A sketch on paper of two types of iPad designs.
PHOTO: Luca Mascaro

With customer experience top of mind with forward thinking organizations, it's no surprise that user experience designers are in demand. In fact, survey data from Adobe on demand for user experience designers in February 2017 revealed that, "Eighty-seven percent of managers said hiring more UX designers is the top priority for their organization: higher than graphic designers (76 percent) and product managers (74 percent), and tied with software engineers for top spot." 

So with demand high, you might be asking yourself, do I have what it takes to be a UX designer? We asked experts about what it takes to be successful. And while it does require a unique set of skills, that is part of what makes it an interesting role to many. Consider that not only do you have to be adept with technology, communication and writing, prototyping and wireframing, but it also requires flavors of psychology and empathy.

Communication Skills

Nick Babich, editor-in-chief of UX Planet, said communication is crucial because design is a "team sport." It’s hard, or even impossible, he said, to solve a problem when you work alone. 

“Thus, designers should be able to communicate and collaborate effectively with other team members — other designers, developers and stakeholders,” Babich said.

Related Article: What is User Experience (UX) Design?

Negotiation Skills

In the vein of strong communication, Babich added, UX designers should have strong negotiation skills. Designers should be able to convince a team member to follow a particular approach even when a team thinks differently. “They should,” Babich added, “be able to persuade other people that their design decision is correct [or not].”

Empathy and Curiosity

Empathy is often cited as one of the most important skills or qualities for a UX designer, but empathy is simply the capacity to understand or feel what another person is experiencing from their frame of reference, according to Adobe’s Cisco Guzman, director of product management at Adobe XD. “Curiosity is a quality that drives inquisitive thinking, exploration, investigation and learning through observation,” he said, citing Wikipedia. “UX design is not about designing screens. It’s about defining the ways in which humans relate to and interact with the world, how they navigate space and how they’re able to get their needs met in an increasingly cumbersome and productized world. Curiosity helps you understand how to change and improve the world.”

Empathy without curiosity can lead you to simply giving people what they are asking for, according to Guzman. Curiosity helps you dig a little deeper. “In order to build sophisticated experiences,” Guzman said, “UX designers must dig deep, looking for implicit needs and barriers that keep people from moving through the world in a way that serves them.”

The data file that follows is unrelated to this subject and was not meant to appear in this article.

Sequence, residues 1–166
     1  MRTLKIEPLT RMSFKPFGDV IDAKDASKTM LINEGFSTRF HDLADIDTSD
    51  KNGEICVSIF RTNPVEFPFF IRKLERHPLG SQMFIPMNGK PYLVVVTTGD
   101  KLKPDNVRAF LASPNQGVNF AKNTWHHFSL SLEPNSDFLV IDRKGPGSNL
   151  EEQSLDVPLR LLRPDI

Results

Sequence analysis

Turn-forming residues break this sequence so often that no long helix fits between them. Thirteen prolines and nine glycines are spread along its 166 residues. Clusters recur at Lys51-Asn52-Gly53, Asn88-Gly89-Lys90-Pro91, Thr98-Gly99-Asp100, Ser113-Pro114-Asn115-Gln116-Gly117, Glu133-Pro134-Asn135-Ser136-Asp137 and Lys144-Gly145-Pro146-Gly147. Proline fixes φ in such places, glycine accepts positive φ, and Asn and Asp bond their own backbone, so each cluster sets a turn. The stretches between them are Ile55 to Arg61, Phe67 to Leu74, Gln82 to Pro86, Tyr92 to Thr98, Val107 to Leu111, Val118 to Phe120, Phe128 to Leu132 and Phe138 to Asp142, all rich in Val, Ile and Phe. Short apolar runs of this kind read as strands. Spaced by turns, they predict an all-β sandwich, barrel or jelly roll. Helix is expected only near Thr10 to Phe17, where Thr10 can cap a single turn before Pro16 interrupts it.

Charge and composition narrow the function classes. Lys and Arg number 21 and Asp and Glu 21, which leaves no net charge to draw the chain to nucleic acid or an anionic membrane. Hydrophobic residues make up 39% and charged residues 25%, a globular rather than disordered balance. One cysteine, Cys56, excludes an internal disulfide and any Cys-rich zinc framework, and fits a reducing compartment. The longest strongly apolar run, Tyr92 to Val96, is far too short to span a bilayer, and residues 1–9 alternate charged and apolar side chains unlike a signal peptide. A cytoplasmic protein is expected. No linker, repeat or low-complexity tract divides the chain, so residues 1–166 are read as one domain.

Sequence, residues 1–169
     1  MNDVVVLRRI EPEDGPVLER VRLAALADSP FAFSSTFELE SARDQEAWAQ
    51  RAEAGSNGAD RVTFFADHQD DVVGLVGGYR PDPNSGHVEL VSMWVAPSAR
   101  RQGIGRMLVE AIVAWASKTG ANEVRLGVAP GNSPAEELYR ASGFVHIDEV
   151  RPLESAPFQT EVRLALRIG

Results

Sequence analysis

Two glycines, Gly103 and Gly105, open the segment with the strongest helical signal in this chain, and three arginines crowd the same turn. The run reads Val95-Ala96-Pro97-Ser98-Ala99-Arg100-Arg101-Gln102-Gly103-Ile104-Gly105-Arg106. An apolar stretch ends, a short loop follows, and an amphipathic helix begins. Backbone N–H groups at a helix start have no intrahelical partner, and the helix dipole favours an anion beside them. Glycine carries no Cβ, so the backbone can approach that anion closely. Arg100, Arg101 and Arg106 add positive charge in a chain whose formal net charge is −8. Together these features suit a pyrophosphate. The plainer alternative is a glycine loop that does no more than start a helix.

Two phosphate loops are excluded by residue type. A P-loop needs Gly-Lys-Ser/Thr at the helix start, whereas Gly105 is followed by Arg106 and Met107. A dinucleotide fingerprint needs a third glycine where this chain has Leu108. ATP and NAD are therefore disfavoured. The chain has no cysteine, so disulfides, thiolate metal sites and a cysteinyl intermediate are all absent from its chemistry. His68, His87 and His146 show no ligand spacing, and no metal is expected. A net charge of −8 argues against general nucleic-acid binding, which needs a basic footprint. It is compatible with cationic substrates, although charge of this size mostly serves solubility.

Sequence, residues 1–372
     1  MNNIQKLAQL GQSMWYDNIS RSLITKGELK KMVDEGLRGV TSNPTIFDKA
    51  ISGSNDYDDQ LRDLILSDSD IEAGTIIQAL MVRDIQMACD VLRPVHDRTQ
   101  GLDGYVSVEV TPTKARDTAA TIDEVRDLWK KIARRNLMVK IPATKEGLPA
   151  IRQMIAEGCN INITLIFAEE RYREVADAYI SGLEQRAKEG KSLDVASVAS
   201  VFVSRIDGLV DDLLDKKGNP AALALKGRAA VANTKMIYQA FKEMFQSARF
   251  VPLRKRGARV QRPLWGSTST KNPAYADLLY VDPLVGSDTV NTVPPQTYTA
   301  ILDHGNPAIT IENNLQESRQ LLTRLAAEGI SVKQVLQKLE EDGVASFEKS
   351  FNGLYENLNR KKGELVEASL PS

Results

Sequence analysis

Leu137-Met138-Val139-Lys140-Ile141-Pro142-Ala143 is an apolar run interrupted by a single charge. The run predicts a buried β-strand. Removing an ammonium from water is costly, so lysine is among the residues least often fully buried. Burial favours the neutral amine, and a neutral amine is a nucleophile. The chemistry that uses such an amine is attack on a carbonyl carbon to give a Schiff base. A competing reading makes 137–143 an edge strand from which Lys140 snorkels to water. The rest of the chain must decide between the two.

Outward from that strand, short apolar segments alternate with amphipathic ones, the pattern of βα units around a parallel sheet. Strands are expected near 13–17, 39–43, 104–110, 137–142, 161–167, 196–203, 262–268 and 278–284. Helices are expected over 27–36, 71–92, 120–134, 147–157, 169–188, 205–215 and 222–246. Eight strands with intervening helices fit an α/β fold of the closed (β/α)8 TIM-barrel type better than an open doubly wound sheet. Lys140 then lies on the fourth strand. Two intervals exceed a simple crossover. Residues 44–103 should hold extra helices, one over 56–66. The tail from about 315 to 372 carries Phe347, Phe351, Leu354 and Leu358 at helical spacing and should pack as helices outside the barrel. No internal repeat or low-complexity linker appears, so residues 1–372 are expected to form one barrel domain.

Collaboration Skills

Michelle Bolander, UX practice advisor and senior strategist at SPR, said good UX designers empathize with users, but a great UX designer takes it a step further. “UXers that collaborate well with their team, stakeholders and difficult people in general do so because they genuinely want to understand how others are feeling,” she said. “A strong UX designer can clearly express their point of view and keep open lines of communication in order to continue to build this shared understanding. Layer in the ability to easily adapt to change, and you have an individual who can effortlessly pivot to creatively solve any problem that comes their way while fortifying the rest of the team.”

Logic and Reasoning Skills

UX design methods and design thinking are modern applications of dialectical reasoning, or the process of arriving at a truth, solution or synthesis by logically comparing and contrasting various solutions, Guzman said. It’s the basis on which we ideate, design, prototype, test, fail and iterate, Guzman said. “Reason is the difference between going around in circles and an upward, forward dialectic in which failures lead to learning, synthesis and better experiences,” he added. “You don’t get there by dreaming up a brilliant solution. You don’t even get there by testing. You get there by using your rational powers to discern what is happening and what needs to happen. Your ability to discern why a designed approach is not working and, by contrast, why another one might be.”

Related Article: 4 Tips to Apply Design Thinking to the Digital Workplace

Ability to Hear and Accept Feedback

Getting feedback early and often will help provide early validation points to a design, thus creating a more efficient design process and a better product, according to Roger Neel, Mavenlink co-founder and CTO. “Hearing deeply critical and passionate customer feedback will only broaden your lens when you're designing with empathy Feedback is a gift,” he said.

Storytelling and Presentation Skills

Good UX designers are also good storytellers, Neel said. “Everything we do is about crafting a narrative,” he added. “Personas, scenarios, customer journeys and design presentation are more obvious examples of this, but through storytelling we also get persuasion, problem framing, strategy and vision. The story is a culmination of many inputs that turns into the right approach to the problem.”